On my dad’s side of the family, I don’t think a birthday went by without a celebration at my grandma’s (well, I called her Nanaw) house. If I close my eyes and concentrate just enough, I swear I can almost take myself back there. From turning into her long gravel lane and up to the small house on the hill to the end of the boisterous family affair full of jokes and laughs, I can envision every detail as if it happened yesterday.


The candles are lit, the lights go out, all sing, then darkness. If it’s my birthday, the July heat settles thickly in the room, occasionally interrupted by a pathetic breeze that drifts through and rustles the thin white cotton curtains. The dulled sounds of… maybe it’s Jeopardy?… drift in, unwatched, from an adjacent room. Someone switches the light back on and lifts the darkness.

My parents, my sister, aunts, uncles, cousins, and Nanaw all reappear, crammed around the floral vinyl tablecloth-covered kitchen table, most likely doubling up in the chairs to make room for us all. It’s about that time that the all too familiar smell of freshly extinguished birthday candles hits my nose. That smell, Pavlovian in its effect, triggers the only response I know: prepare for cake. And if it’s a birthday at Nanaw’s house, we’re eating Bonnie Butter Cake.

My Aunt takes charge of slicing the cake, divvying it out onto paper plates alongside a massive scoop of Edy’s vanilla ice cream. Nanaw passes out cups of Coke or ginger ale. There’s a 97% chance that it went flat about 2 weeks ago but I drink it anyway. The cake is the same as it’s always been and I wouldn’t have it any other way. It’s buttery, as its name implies, sweet, and fluffy but the real star is the caramel icing, the sort that gets an ethereally thin crispy and flaky shell that shatters as my fork breaks into it. It’s an intense toffee sort of flavor and needs the cake and ice cream to mellow it out a bit.

If I’m lucky, there will be a few slices left that I can wrap up to take home with me. I’ll nibble on it bit by bit, drawing out its existence as long as I can. In the meantime, all of us, dazed in a post-cake coma, continue chatting around the table. I hear stories from my dad and his siblings. We all laugh as they regale us with tales of the antics they got up to as kids growing up on a dairy farm. Nanaw, the last to sit down with her slice of cake and ice cream, sits by quietly, shaking her head occasionally at the rowdy rest of us. We continue for hours, long after the residual bits of ice cream have melted on our plates, yet the sweet taste of Bonnie Butter Cake seems to linger on the palate, a taste I’ll never forget.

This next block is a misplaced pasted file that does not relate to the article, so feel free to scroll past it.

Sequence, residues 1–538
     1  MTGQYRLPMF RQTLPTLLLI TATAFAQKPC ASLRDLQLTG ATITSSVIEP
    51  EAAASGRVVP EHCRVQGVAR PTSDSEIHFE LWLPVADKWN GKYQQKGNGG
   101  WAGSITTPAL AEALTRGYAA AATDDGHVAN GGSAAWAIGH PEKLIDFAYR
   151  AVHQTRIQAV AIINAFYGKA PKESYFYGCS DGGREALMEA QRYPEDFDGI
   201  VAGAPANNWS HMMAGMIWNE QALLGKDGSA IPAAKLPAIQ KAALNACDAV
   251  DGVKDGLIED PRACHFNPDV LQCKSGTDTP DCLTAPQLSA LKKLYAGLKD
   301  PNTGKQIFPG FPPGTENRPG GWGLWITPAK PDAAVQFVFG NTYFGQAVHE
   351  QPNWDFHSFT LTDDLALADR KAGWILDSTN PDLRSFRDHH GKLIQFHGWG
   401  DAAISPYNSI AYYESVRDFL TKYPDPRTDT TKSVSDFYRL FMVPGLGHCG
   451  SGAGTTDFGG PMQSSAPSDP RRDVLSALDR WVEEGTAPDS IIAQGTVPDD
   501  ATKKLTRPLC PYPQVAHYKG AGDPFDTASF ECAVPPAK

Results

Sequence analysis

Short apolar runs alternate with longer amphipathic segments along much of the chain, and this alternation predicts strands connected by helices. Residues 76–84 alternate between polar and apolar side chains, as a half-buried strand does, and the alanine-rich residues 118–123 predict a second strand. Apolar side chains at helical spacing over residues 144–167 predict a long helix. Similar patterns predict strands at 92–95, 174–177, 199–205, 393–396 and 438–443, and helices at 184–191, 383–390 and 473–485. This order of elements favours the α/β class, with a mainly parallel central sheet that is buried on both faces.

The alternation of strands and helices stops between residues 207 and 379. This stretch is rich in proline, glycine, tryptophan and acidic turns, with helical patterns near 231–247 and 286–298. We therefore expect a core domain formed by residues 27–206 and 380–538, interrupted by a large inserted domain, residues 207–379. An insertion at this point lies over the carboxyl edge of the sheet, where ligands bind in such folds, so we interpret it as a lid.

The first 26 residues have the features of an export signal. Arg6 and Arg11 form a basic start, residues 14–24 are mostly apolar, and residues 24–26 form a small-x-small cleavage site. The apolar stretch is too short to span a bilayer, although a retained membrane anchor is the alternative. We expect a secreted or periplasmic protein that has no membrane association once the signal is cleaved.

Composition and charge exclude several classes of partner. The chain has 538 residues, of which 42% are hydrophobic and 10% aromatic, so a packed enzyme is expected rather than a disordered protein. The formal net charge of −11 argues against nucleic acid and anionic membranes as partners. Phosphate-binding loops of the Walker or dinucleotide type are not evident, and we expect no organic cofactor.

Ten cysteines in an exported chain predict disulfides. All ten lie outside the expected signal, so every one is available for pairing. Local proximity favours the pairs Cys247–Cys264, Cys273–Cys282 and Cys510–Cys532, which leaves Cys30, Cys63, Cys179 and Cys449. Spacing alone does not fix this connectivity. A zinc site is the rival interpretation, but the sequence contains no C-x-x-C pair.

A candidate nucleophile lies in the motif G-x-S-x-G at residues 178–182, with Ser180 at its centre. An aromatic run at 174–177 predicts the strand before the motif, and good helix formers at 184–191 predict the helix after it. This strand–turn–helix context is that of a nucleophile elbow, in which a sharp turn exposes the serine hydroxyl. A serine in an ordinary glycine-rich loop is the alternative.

When Nanaw died one year ago today, I worried that my mind would not be able to move past the memories I had of her in her final years. She was still the same person, of course, but old age and illness took their tolls. But time went on and before I knew it those final images trickled away and the happier memories returned. Memories of the woman who watched as I learned how to ride a bike in her backyard, who watched over me during the summer while my parents were at work, withstanding the countless hours of The Price is Right I put her through. The woman who let me sit in the middle of her old white pickup truck and shift gears when she pressed the clutch (which probably was not legal), who let my cousins and I parade through her garden to find rotten vegetables to make our “witch’s brew” in a 5-gallon bucket. The woman who made us Bonnie Butter Cake year after year because we all knew it wouldn’t really feel like a birthday without it.

Other than knowing that Nanaw made this cake for more family birthdays than I can remember, I hardly know any more about it. Where did she get the recipe? When was the first time that she made it? Was it her favorite cake? I may not ever know the answers, but rather than dwell on the questions I can no longer ask, maybe remembering what I do know is the most important thing. I know that Nanaw lives on in the blood that runs through my veins, in my memories that I have and share with others, and through the things she’s left behind, things like a cake recipe scratched onto an old bit of paper.

Bonnie Butter Cake
Makes one 2-layer cake

Note: the ingredients list for the cake and the entire recipe for the caramel icing is written exactly as it is on my grandmother’s hand-written recipe. Instructions for making the cake were not included so I wrote those on my own.

For the Cake
2/3 cup butter or margarine
1¾ cups sugar
2 eggs